Addressing diversity in security

Turning good intentions into action requires a collaborative approach across the public sector, private sector, and non-profit industry associations.

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There has been much discussion and rightful concern expressed over the years about how technology fields broadly, and the cybersecurity industry in particular, are lagging when it comes to workforce diversity. Too often, though, we look at this shortcoming as a problem that the private sector alone must rectify. The reality is addressing workforce diversity is too large of a challenge for it to fall on any one group or sector. Instead, the public sector, private sector and non-profit industry associations should work together to make the type of collective impact that is needed to turn so many people’s good intentions into action.

Here are some ways that each of these groups can contribute in this important movement to expand opportunity and inclusion in cybersecurity and related fields:

Private sector

Job postings for cybersecurity roles often are heavy on technical skills and express the need for candidates to come from academic backgrounds in traditionally male-dominated areas such as computer science. This is a recipe for attracting more of the disproportionately white, male practitioners to the field and maintaining the status quo. Security and HR teams must instead be open-minded about different backgrounds and skill sets that could be transferrable to security roles and then, as necessary, provide on-the-job training and skills development to help a wider pool of technology-minded professionals succeed.

Equally important to being more proactive about bringing in underrepresented populations is how these professionals are treated once they have been hired. It is only by creating a culture of inclusiveness and empowerment — in which all members on the team, irrespective of gender, race or other demographic categories are valued, listened to and given opportunities to advance their careers — that retention will improve over the long-haul. If organizational leaders are intentional about providing leadership pathways and opportunities for diverse members of their team, there is hope for real progress.

Public sector

The trend toward more remote work — already in place before COVID-19 but sharply accelerated by the pandemic — figures to create a long-term shift in how and where people work. In many cases, geography no longer is the limiting factor it once was because you don’t have to live in a technology hub or in a big city to do the job.

However, as long as people in rural and less developed regions lack the internet access and connectivity of their counterparts who live in more populated areas, a significant gap will exist in opportunities to learn and grow their careers. Even in cities, socioeconomic differences often create inequality in who has consistent access to high-speed internet. This, in turn, lessens the pool of qualified candidates from certain regions, and perpetuates minority underrepresentation in the workforce. Governments have a critical role to play here in prioritizing the expansion of reliable broadband internet throughout their countries so that all residents are positioned to compete in a global economy that is increasingly driven by technology and access to reliable internet.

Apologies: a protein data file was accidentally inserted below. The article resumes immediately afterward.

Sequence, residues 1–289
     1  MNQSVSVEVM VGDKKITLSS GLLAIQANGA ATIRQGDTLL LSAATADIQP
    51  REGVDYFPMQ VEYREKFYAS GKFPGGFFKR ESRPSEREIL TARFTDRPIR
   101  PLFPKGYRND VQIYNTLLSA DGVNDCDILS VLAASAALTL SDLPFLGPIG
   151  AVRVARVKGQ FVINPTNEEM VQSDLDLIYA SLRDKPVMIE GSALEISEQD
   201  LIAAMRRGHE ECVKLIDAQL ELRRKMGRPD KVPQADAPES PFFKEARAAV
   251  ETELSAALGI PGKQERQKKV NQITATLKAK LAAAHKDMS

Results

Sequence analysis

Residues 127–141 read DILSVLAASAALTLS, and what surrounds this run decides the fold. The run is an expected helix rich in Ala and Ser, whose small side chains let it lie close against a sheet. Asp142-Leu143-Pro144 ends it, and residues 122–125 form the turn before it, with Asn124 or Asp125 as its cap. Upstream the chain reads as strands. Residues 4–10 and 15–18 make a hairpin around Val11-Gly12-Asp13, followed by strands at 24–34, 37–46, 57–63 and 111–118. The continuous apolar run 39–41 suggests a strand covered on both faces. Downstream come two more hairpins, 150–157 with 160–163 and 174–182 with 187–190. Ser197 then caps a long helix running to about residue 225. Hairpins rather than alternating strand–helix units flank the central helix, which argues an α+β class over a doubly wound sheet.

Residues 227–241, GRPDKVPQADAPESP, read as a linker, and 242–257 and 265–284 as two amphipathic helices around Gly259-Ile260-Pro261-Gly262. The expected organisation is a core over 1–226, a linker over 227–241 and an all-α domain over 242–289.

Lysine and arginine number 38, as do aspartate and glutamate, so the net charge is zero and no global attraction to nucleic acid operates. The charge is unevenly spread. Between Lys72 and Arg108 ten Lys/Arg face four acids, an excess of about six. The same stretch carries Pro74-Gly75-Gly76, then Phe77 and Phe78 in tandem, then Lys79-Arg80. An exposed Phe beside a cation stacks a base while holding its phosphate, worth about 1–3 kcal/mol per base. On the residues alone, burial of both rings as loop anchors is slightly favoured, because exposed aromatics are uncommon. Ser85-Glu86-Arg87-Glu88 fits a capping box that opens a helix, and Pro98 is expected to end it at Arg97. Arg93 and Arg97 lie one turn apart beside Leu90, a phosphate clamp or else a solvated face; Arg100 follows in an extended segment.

Industry organizations

Non-profit industry organizations can also be part of the solution while serving as a great bridge between the public sector, private sector and academia. Providing technology-focused scholarship programs, mentorship programs and learning opportunities for underserved populations, and helping to create diverse, multicultural professional networks, are examples of how industry groups can make meaningful contributions.

Organizations such as Code2040, Black Girls Code, Techbridge Girls, and ISACA's One In Tech Foundation, are among those making their presence felt in offering new opportunities in the digital world. (Disclosure: I am a board director of ISACA.)

Collective effort required

Insufficient diversity in the security profession and other technology fields is problematic both from a societal standpoint and an organizational standpoint and is an impediment to both individuals and organizations reaching their full potential. A challenge of this scope requires a collaborative commitment, with the private sector, public sector and industry professional associations all having important parts to play. Expanding opportunity in the cybersecurity profession is well worth the collective effort that will be required to make it happen.

Copyright © 2020 IDG Communications, Inc.

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